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Mountain Home Magazine

Vacation Like It Used to Be

by Karey Solomon

“I like to say we keep it simple,” says Brett Brubaker, who, along with his siblings, parents, and uncle, Jack Brubaker, is one of the owners of Seneca Lodge in Watkins Glen. The rustic, rambling log cabin on Walnut Road opposite the south (upper) entrance to Watkins Glen State Park evokes simple, solid, relaxation. But behind the scenes, it houses a hive of activity including the business office, bar, dining rooms with enough space to seat about 200, kitchen, and brewery. Built in 1947—then rebuilt in 1948 after a devastating fire—it has the feel of a comfortable, earlier time.

Brett’s grandfather, lawyer Donald Brubaker, (a.k.a. “Mr. B”), had heard about and researched the Watkins Glen area in the early 1940s. His ideas became plans after his wife died in childbirth with their fifth child. He bought what was then known as “White City Tourist Camp” and moved here from Altoona, Pennsylvania, with four of his five children and two cousins. For a time, the infant stayed with her grandmother.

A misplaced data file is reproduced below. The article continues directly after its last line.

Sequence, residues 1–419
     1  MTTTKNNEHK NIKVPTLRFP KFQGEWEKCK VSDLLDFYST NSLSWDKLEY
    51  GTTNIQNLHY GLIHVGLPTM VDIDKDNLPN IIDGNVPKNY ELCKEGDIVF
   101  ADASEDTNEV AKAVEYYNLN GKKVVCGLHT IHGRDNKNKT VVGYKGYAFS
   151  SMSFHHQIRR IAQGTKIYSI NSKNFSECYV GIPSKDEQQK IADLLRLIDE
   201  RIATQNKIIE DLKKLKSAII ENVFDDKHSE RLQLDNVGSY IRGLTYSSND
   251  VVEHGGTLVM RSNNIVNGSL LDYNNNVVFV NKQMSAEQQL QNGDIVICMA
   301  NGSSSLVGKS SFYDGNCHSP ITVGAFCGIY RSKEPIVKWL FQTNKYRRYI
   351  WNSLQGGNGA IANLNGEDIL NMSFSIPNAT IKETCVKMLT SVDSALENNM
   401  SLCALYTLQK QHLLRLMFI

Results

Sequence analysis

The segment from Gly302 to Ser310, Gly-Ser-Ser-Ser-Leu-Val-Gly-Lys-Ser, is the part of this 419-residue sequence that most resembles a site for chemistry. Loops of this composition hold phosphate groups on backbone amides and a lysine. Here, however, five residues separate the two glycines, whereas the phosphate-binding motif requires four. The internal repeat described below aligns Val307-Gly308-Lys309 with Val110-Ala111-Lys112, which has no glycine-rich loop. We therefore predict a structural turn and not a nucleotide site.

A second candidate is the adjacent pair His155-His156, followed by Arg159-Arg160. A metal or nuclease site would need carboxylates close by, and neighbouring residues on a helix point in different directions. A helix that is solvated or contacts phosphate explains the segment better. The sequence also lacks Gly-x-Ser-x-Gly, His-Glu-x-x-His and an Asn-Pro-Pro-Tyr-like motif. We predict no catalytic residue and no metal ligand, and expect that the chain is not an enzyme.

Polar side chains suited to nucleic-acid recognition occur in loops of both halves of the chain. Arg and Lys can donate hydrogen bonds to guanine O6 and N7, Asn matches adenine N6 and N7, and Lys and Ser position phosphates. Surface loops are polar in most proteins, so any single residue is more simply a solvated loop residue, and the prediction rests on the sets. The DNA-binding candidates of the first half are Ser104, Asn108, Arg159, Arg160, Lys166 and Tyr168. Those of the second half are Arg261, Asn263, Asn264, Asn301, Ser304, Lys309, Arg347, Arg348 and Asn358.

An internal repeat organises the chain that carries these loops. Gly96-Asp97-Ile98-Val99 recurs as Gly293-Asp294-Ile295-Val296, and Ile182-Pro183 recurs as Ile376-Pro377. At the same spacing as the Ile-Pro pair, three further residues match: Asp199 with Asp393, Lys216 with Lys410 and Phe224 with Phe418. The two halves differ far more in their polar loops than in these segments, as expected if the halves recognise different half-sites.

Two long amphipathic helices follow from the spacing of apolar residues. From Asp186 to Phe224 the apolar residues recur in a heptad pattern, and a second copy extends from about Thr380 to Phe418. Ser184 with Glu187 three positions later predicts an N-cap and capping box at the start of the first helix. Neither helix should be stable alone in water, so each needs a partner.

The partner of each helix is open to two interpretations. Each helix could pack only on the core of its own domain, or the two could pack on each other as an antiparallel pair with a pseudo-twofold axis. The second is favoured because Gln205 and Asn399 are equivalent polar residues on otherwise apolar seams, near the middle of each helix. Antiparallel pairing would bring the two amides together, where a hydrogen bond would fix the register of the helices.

Jack Brubaker shows a photo of what they saw when they arrived—a bustling encampment of more than sixty tiny cabins and tipis. Plumbing was confined to a central bathhouse; the camp store offered access to daily necessities. Campers could walk to the state park across the road, as they still do today. The boxy, old-fashioned cars seen in the photo could easily bring quantities of people in search of more amusement down the hill to Watkins Glen for shopping, sightseeing, and dining out. But back then, many summer visitors wanted to simply rusticate. Many came from the city by train and bus, and were chauffeured from Elmira or Ithaca by one of the Brubaker sons. Back then, when the main goal was getting away from urban living for the hottest weeks of the summer, many guests stayed for a week or longer.

These days everything has become faster-paced. Brett says many first-timers stay at the Lodge after having located it online as a place to stay for a few nights during a nearby event. Later they’ll return for a longer vacation, using it as a base for exploring the surrounding areas. Ideally, they’ll take some time to “vacation like it used to be—put their feet up and not try to cram everything into a few days,” he says. The last handful of years, he notes, many guests are adding an extra night.